“…we believe that the rand will continue to trade in-line with the international environment which will be dictated by the U.S Dollar. Should the U.S Dollar continue on its path stronger, we leave the likelihood open that the rand will move closer to our R12.80 target, which we only expected to materialise in the second half of 2018… Short-term, we recommend keeping an eye on support at R12.43 and resistance at R12.68 (see our latest Technical Strategy note: “The US Dollar breaks out” of 3 April 2018 for a more detailed technical view on the currency).”
CNBC – Bonds – US Treasury yields fluctuate as investors await Iran deal announcement
“…the U.S. central bank’s interest rate hikes may not end up having as great of a risk on emerging market economies and stock markets as many had initially thought.” said Fed Chair Jerome Powell
Times Live – Trump’s decision on Iran could have massive implications for South Africa
“… Trump has introduced a lot of uncertainty. People would tend to be cautious in the event of old sanctions being reintroduced‚ or new ones coming into being. And as you know‚ businesses are risk-adverse. So, until there is clarity‚ there will be some reservations about investing.” said Gordhan
Business Insider South Africa – This graph shows how much better the rand is doing than its peers, and one expert thinks it can go to R11/$
“Policy certainty will attract investment, which will drive growth and attract more investment in turn. South Africa has a diversified economy, which has capacity to support more growth through its various institutions, both public and private… If South Africa can get all stakeholders (private and public) on side, the rand could strengthen towards R11/dollar, given a favourable commodity cycle, rising optimism and accelerating growth,” said Kevin Mattison, managing director of Avior Capital Markets”
10 May 2018
CNBC – Argentina looks to be headed for another economic storm
“Argentina is still a difficult country and unless they do reforms then it’s going to behaving issues,” Michele Gesualdi, the Chief Investment Officer at Kairos Investment Management, told CNBC’s “Squawk Box Europe” Wednesday. Meanwhile, Christine Lagarde, managing director of the IMF, said in a statement Tuesday that Argentina is a “valued member”of the Fund. “Discussions have been initiated on how we can work together to strengthen the Argentine economy and these will be pursued in short order,” she said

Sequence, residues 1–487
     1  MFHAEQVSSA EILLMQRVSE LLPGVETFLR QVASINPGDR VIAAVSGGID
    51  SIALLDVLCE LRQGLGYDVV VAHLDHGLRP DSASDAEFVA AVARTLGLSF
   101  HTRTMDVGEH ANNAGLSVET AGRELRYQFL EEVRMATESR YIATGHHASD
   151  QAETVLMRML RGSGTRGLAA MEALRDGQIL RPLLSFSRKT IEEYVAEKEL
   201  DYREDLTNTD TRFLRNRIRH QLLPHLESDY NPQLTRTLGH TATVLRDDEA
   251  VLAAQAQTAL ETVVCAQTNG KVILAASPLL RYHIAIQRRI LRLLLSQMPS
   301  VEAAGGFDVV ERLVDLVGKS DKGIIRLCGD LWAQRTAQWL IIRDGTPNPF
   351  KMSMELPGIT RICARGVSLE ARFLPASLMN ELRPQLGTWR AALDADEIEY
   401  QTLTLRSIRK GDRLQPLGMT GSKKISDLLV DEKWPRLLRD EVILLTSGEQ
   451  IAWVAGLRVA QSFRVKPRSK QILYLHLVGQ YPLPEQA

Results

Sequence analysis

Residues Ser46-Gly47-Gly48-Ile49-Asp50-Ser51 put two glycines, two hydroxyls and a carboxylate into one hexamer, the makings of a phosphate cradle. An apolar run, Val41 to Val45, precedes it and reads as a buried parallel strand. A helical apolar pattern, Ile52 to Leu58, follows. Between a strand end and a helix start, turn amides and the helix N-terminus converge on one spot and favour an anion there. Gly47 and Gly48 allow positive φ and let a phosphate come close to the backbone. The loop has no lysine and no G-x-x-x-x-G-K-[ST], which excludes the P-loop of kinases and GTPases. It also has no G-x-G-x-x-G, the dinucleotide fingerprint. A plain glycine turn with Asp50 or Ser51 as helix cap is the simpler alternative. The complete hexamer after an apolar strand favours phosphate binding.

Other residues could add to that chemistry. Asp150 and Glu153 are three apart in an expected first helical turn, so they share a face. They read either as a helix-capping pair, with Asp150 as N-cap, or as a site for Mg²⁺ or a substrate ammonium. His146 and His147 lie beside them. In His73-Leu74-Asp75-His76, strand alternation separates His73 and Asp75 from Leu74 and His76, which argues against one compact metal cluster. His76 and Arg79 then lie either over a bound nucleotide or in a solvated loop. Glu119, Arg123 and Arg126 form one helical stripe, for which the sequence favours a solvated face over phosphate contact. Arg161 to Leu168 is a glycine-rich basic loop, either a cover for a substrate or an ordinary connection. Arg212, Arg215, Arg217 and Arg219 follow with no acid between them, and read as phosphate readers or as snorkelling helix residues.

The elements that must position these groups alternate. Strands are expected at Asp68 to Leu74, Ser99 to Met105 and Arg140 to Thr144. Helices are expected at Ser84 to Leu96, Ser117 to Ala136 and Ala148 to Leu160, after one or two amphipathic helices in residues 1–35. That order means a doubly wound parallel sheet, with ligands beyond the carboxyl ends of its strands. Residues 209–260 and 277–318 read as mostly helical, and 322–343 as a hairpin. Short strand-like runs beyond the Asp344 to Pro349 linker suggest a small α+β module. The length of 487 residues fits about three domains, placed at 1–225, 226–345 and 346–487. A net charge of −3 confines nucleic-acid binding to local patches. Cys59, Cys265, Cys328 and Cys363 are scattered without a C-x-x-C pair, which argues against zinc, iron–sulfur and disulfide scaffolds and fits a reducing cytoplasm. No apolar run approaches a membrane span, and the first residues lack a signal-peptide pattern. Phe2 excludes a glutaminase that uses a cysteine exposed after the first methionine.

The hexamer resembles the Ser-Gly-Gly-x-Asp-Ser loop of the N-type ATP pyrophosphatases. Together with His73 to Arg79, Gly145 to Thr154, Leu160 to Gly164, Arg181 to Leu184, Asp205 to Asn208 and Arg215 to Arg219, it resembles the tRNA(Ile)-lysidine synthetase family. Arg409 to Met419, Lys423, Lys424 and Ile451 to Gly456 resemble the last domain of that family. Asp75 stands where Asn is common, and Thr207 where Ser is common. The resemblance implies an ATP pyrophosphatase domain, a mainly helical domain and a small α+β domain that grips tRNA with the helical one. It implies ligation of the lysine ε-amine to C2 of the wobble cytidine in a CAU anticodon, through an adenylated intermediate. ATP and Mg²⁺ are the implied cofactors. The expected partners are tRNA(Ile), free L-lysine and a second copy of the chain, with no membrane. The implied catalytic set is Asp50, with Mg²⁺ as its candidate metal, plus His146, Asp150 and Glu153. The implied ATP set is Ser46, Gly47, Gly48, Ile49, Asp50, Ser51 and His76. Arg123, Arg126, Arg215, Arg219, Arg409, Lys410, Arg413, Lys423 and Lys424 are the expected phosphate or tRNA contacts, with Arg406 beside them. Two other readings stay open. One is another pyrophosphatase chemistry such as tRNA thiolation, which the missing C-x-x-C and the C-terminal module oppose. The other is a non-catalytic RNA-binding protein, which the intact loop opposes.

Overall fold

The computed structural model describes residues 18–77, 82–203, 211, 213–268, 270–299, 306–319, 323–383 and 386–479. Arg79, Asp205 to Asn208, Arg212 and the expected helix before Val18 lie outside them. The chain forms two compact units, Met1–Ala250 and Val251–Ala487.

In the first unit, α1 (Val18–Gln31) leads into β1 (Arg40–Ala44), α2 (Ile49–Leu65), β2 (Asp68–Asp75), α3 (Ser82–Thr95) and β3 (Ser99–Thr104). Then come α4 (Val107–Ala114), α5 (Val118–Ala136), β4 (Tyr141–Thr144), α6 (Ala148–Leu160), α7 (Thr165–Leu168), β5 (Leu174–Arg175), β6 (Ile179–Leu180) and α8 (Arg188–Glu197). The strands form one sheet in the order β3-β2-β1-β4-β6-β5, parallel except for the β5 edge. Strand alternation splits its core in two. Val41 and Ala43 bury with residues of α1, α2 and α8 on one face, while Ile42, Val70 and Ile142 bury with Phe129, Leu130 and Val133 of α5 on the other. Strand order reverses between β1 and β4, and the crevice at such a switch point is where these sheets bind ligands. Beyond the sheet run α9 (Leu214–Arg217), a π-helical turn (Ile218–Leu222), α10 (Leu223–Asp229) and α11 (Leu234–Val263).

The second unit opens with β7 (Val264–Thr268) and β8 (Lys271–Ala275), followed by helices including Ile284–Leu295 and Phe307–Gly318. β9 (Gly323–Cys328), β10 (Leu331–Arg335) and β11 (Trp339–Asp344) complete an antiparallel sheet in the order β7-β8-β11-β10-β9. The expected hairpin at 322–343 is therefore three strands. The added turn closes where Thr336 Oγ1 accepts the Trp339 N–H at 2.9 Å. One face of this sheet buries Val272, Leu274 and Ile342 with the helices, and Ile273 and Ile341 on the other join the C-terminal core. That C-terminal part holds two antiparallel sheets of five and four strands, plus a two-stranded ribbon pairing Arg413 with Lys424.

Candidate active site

RMB Global Markets Daily – Kicking and Screaming it is then
“We can expect the local bond market to trade on the back foot ahead of this afternoon’s US CPI print. While the yield curve continues to steepen, the back end of the curve is starting to look attractive again, and we expect interest to return once the volatility in global yields dies down.””
What we think
On a number of occasions earlier in the week the ZAR.USD level of 12.50 was tested yet managed to provide some good support. When it was finally broke on yesterday, it was with some force as we traded as low as 12.31, representing a rally of over 3% from Wednesday’s lows.
The next support level is 12.30 and a break through there could set us up for a move back to the 11.80 – 12.20 range which held for most of February through April. Given the aforementioned factors however, we feel that may be too much to ask in the near-term.
Locally, from both an economic and political viewpoint (albeit with the major parties upping the ante ahead of next year’selection), we continue with our period of post-Zuma consolidation which, as we’ve mentioned in numerous commentaries, will be a long and hard process.
As such the outlook remains closely aligned with global factors and we feel a 12.30 – 12.70 range remains most likely in the near-term.
Have a great weekend!